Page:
Tuesday, August 01, 2017

telling the story of ourselves.

Oak shrink pot by Richard Law
Richard Bazeley in Australia sent me a scanned page from a book Storymen by Hannah Rachel Bell with the following explanation:
"It's a book largely about David Mowaljarlai an aboriginal elder of the Kimberly region in the north of Western Australia and his efforts to explain through story his people's knowledge and ways of learning. Aboriginal culture and knowledge... 60,000 to 65,000 years old, is passed on by oral and experiential learning (hands on learning). I think that this extract makes an interesting point about the difference between our two cultures and the impact of learning methods on culture."
I will quote from only a portion that may give you the point.
"For those cultures that developed settlements, civilizations and empires the evolution of written languages enabled the development, control and operation of religious, political, social and economic institutions. While access was initially restricted to the élites, reading and writing systems eventually became the means by which people explored the mind and the universe, and communicated story. However these abstract symbolic codes also served to progressively detach human populations from direct, literal connection with the natural world."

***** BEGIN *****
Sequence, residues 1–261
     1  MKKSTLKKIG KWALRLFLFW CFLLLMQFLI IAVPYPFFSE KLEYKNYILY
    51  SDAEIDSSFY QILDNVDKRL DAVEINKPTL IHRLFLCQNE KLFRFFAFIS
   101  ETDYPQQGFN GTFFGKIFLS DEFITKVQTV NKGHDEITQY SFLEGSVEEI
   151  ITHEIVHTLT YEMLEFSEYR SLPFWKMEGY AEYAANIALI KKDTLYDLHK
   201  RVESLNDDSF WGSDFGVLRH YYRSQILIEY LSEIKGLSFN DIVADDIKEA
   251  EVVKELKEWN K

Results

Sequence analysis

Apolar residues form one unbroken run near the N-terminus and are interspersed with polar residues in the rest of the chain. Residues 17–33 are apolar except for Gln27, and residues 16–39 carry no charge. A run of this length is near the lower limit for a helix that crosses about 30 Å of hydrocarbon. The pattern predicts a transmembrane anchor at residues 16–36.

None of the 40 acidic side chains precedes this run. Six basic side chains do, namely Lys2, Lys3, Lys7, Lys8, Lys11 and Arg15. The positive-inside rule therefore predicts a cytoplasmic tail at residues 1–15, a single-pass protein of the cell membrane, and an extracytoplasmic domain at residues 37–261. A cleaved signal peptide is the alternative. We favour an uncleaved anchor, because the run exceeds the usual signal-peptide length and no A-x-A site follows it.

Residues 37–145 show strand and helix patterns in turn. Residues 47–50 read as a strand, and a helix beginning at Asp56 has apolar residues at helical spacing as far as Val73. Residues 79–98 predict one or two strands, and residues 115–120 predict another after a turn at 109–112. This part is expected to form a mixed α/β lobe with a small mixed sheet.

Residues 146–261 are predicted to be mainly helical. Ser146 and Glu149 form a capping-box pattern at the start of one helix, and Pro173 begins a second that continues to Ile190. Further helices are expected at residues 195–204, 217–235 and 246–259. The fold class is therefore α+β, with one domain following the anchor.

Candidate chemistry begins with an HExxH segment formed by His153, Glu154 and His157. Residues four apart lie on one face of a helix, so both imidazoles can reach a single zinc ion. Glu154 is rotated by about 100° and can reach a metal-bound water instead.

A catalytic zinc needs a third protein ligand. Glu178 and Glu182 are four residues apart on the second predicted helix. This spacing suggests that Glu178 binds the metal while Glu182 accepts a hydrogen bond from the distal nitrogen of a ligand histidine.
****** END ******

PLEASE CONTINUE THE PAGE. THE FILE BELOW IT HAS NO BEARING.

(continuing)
Richard Bazeley as he is moving into retirement from teaching wood shop is exploring green woodworking and currently the making of small shrink-pot boxes, a technique dating at least to the Viking era. The idea is that you hollow the form from green wood, make and fit a bottom from dry wood and then allow the sides to shrink, locking the bottom firmly in place. There's a tutorial about the technique here: http://johns-woodnstuff.blogspot.com/2013/11/shrink-pot-tutorial-pt-1.html

The point is that while language can be ignorant of nature to the point that human culture puts itself at dire risk, understanding other non-linguistic means of finding and sharing meaning offer the key to human survival.

As I shared with my class last week and with many of my students throughout the years, story telling is not unique to human beings. The story of the life of the tree is written in its grain. Where there's a knot, there had been a branch. And using woodworking to tell our own story of growth and development is a great fit. Unlike a lot of things these days, it's natural.

Some lovely shrink pots can be found here:  http://www.flyingshavings.co.uk/shop/shrink-pots/

Make, fix, create, and increase in others a love of learning likewise.

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